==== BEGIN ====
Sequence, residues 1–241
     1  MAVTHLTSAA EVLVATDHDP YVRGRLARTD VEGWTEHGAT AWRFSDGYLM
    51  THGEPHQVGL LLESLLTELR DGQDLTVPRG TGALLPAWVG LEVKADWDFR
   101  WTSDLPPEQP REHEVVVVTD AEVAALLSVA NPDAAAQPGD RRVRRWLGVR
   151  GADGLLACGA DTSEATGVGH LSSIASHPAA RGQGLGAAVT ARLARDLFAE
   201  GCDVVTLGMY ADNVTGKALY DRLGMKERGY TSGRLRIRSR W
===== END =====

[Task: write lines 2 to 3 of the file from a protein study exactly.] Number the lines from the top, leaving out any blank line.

     1  MAVTHLTSAA EVLVATDHDP YVRGRLARTD VEGWTEHGAT AWRFSDGYLM
    51  THGEPHQVGL LLESLLTELR DGQDLTVPRG TGALLPAWVG LEVKADWDFR